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Policy is political; our ideas about knowledge translation must be too

Morgan-Trimmer, Sarah 2014. Policy is political; our ideas about knowledge translation must be too. Journal of Epidemiology & Community Health 68 (11) , pp. 1010-1011. 10.1136/jech-2014-203820

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Abstract

This article argues that in public health research, standard approaches to knowledge translation are based on (1) an invalid model of the relationship between research knowledge and policy and (2) an oversimplified concept of ‘knowledge’. Standard approaches tend to focus primarily on communicating research knowledge to policy makers in order to increase the impact of research on policy making.1 ,2 However, the process of policy making is complex and political (in the broad sense); it is not a neutral or technical exercise that simply requires greater use of scientific evidence to improve decision making. Neither is research knowledge neutral or wholly technical; it is produced in social contexts and also operates in societies in uneven ways. There is significant socio-political literature which has analysed the relationship between knowledge and policy, including how they are embedded in social and political contexts, but this is rarely drawn on in public health research.3–6 Knowledge translation in public health is a challenging area which could be informed by this literature; key ideas are briefly outlined here.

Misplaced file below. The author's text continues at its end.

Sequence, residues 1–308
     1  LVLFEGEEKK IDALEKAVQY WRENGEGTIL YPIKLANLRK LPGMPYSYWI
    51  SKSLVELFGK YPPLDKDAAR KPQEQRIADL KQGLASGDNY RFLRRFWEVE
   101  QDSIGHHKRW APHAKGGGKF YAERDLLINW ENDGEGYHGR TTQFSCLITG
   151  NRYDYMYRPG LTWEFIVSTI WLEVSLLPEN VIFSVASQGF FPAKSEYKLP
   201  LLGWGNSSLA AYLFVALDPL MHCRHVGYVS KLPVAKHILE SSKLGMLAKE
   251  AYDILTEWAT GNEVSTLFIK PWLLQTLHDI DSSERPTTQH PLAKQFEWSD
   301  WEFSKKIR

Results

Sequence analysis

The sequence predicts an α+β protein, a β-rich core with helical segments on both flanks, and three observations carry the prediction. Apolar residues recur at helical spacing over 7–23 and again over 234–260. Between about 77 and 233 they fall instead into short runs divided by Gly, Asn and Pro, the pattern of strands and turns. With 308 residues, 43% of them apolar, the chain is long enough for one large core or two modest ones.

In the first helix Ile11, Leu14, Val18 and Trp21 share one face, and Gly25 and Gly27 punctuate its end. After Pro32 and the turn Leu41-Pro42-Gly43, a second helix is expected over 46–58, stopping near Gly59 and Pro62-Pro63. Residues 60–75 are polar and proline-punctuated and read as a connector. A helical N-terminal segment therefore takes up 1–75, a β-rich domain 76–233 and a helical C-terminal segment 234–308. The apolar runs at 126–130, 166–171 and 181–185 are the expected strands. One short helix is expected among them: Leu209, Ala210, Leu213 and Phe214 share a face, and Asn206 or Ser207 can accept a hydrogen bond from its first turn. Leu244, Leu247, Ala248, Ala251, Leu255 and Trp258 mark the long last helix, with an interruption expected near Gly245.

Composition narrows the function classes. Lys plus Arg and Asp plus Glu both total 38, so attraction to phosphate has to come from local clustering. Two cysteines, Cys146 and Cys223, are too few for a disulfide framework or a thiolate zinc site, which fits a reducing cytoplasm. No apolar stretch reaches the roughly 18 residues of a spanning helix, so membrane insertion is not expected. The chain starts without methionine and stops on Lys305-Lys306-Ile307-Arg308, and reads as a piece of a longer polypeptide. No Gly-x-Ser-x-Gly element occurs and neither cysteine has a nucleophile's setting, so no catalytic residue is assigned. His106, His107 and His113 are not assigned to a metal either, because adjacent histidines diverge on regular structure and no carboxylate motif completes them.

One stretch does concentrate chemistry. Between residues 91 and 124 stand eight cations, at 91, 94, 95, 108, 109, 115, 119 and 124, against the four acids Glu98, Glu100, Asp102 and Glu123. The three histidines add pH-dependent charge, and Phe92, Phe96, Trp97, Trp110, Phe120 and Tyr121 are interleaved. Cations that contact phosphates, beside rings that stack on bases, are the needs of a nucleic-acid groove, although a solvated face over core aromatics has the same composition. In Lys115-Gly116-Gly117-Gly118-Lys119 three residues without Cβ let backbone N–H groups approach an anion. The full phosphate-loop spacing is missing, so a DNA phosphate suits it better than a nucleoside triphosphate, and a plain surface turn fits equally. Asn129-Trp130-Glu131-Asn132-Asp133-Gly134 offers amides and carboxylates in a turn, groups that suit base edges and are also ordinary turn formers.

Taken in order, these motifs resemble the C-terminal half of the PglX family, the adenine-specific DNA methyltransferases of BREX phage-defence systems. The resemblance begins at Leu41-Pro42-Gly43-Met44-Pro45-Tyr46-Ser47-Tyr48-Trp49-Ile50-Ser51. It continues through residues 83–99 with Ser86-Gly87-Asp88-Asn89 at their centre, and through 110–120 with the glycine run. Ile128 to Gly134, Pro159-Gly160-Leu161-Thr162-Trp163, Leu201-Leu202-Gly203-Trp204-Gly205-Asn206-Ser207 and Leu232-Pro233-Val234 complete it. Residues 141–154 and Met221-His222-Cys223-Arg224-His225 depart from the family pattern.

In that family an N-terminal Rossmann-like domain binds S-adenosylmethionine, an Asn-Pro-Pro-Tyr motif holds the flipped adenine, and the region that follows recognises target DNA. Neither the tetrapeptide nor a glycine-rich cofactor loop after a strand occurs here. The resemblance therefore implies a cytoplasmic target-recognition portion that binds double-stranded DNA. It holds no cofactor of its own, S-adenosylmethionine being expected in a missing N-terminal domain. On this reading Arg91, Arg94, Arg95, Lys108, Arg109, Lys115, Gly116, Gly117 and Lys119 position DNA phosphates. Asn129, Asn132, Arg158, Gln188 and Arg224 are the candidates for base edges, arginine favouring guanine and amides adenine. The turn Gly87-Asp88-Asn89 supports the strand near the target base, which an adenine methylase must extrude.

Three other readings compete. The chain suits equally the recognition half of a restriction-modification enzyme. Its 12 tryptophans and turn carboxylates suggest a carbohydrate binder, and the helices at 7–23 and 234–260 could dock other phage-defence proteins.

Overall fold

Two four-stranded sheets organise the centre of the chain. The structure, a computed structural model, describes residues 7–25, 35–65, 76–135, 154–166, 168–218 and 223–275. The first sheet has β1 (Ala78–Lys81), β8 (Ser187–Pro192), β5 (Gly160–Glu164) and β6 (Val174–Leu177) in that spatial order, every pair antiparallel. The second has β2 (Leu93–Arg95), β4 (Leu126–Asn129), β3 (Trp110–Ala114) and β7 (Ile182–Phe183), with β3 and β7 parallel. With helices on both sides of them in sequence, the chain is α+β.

Item Type: Article
Date Type: Publication
Status: Published
Schools: Development and Evaluation of Complex Interventions for Public Health Improvement (DECIPHer)
Social Sciences (Includes Criminology and Education)
Subjects: H Social Sciences > H Social Sciences (General)
Publisher: BMJ Publishing Group
ISSN: 1470-2738
Date of Acceptance: 30 May 2014
Last Modified: 20 Feb 2019 12:41
URI: http://orca.cf.ac.uk/id/eprint/60828

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